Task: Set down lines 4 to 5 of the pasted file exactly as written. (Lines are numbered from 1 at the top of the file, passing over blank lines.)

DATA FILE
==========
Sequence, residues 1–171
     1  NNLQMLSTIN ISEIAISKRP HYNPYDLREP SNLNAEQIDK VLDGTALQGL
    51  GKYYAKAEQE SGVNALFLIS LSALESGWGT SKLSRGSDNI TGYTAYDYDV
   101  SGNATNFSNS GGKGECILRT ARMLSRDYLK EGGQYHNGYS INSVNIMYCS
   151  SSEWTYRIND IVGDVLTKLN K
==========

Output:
   101  SGNATNFSNS GGKGECILRT ARMLSRDYLK EGGQYHNGYS INSVNIMYCS
   151  SSEWTYRIND IVGDVLTKLN K